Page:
My life comes from the one who made the stars and brought the sun

He loves me more than these, so I don’t need another identity

I do believe that I am given some specific gifts by God, as well as some specific ministries. I think my writing is a gift, and I know my family and my life with them is a gift. I am still wondering what my ministries are, yet not spending enough time praying or thinking about them to get any answers.

Ok, Atheists, welcome back. I am also:

  • A person with hobbies and interests. This might sound obvious or even irrelevant, but a) some people genuinely don’t have any particular hobbies or interests and b) I have lots, which I always feel a bit guilty about when I move on. I need to realise, I think, that it’s fine to have an interest in various different things and to keep coming back to them. A hobby doesn’t mean a vocation, and I sometimes have trouble remembering this.
  • A bit of a hypocrite. I talk a lot at home about the injustice in the world, I have several large soap-boxes which I stand on at regular intervals. But I do very little about it. I need to practice what I preach a little more and focus on one or two causes that I really care about passionately and can espouse wholeheartedly, to the extent of taking action and spreading the word about them. It takes 2 minutes to send an email to an MP or Tweet about a campaign.
  • I am very definitely in need of a challenge. This may seem absurd when I am still getting to grips with caring for two young children etc. I mean more of a mental challenge. I like puzzles, I like using my brain, and while writing feeds that to a certain extent, I need to stretch myself more. I want to do a degree. I want to expand my horizons – I guess that’s one reason for me having so many hobbies and fads, at various points I’ve looked into astronomy, mandarin chinese, aromatherapy, history, amateur dramatics, the list goes on.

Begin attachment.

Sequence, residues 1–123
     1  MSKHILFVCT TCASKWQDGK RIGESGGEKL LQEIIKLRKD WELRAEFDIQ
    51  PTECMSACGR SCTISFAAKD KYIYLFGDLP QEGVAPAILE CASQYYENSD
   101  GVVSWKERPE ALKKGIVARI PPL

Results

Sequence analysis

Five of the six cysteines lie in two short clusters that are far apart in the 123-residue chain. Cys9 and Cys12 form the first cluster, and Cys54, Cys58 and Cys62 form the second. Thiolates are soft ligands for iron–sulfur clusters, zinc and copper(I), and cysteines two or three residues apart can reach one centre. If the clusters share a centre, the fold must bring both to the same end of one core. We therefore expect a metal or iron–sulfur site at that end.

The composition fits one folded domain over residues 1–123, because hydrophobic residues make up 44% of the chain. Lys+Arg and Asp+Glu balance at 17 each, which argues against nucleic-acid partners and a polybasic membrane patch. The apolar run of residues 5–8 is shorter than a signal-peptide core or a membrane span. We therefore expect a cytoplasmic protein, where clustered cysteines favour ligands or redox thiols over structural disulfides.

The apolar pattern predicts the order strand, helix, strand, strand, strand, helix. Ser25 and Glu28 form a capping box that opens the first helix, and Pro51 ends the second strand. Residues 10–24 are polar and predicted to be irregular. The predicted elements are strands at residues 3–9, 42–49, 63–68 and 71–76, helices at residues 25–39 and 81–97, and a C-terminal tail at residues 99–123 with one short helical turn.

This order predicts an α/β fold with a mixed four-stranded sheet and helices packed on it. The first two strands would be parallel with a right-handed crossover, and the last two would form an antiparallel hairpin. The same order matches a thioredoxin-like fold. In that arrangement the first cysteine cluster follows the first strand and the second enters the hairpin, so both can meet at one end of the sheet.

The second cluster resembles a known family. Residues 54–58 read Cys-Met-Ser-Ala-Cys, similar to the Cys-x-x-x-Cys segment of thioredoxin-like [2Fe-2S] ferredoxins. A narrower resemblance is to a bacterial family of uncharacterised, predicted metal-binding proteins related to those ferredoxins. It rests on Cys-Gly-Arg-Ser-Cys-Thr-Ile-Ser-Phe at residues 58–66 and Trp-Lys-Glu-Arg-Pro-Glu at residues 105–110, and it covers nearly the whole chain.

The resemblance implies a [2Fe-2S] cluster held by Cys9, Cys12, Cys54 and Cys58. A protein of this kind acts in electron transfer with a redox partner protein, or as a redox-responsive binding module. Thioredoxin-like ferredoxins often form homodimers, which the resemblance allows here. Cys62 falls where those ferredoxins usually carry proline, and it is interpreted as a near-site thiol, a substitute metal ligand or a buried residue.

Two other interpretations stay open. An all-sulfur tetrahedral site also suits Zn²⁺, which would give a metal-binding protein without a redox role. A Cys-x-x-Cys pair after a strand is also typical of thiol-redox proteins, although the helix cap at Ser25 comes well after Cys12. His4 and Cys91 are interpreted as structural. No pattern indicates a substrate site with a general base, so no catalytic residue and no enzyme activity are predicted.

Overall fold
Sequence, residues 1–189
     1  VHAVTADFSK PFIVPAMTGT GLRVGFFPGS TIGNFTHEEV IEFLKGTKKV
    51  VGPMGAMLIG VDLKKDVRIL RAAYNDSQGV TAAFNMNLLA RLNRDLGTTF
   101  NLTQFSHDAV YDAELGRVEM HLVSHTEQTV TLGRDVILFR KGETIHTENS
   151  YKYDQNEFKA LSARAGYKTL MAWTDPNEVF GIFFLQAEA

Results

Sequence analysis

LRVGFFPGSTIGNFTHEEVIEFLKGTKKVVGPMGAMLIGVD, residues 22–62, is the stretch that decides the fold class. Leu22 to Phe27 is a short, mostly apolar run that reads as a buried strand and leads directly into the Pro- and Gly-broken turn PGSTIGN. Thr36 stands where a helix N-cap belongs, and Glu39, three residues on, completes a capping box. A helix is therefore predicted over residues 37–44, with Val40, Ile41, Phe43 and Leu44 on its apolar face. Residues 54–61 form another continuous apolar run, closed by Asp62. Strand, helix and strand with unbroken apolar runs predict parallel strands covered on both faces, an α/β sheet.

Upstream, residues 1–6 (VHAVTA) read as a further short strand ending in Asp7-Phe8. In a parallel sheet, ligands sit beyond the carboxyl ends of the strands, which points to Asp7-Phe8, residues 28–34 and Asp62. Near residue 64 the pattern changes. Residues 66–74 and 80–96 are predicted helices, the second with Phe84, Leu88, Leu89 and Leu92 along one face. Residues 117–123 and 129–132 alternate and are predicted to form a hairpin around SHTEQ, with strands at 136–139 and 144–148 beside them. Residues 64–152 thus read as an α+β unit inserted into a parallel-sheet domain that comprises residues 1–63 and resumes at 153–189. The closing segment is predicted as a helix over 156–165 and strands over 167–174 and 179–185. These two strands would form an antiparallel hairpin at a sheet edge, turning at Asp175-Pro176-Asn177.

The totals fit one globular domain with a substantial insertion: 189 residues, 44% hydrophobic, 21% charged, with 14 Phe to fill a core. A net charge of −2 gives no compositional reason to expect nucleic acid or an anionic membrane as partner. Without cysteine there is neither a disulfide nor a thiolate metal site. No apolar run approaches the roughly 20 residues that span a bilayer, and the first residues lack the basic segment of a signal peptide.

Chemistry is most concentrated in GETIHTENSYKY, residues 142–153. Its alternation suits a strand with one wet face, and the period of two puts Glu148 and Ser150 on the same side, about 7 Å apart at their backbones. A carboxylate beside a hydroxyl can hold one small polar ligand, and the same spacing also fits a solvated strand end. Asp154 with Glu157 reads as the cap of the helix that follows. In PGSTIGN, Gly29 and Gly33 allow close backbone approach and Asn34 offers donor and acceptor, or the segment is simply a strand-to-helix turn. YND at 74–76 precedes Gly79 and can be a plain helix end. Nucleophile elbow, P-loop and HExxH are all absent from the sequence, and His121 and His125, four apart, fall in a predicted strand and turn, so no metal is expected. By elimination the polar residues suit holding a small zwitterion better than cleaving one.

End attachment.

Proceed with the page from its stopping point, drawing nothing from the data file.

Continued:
There’s a start. I think it’ll take a while. But it’s time for finding me, now.

6 thoughts on “Finding Me, Now”

  1. I love this post. When you have very small children it is very easy to just become absorbed in being “Mummy” and not think outside of that box for the next few years. I admire you greatly for posting this after only 7 weeks. It’s very healthy to be thinking a little about yourself already, well done you x

  2. I know, I do worry that I’m focusing on me a bit too much to be honest, I always seem to be thinking about myself, but then I don’t know, it’s very confusing lol! Thanks for commenting!

  3. Hi Becca,

    As a mum of four and the author of a blog entitled head above water it goes without saying that I know about being immersed (drowned?) in kids and losing sight of yourself even as you want and try to be a good mum and give your kids everything you can. In the early days of new baby you are absolutely physically mentally taken over and its amazing that you can articulate, blog, interact in the midst of all this. I did go to college and get a good degree but I had the same lack of focus, idea of where I was going, other things were of interest but nothing was as VITAL as writing. You definitely have a talent and interest in writing and I’ve seen your drive to get your work out there even smack bang in the fug of pregnancy/newborn/tiny kids. The love you have for your kids is clear. Being a mum and being a writer ARE what you want to do and what you ARE doing, even though your head can hardly function now. There are so many avenues for you, children’s writer, freelance features on motherhood, short stories. Keep doing the little bits and go where your interest and faith takes you. Recently I went out to a writers group and could stand back and see how much I had learned from the web and how much I was now ‘a writer’. Its hard for you to see yourself right but we see you and your potential, just keep going as you are. x

  4. Alison, I have to say that is one of the most inspirational, constructive and motivational things anyone’s ever said to me. I am printing it out to keep. Thank you so much x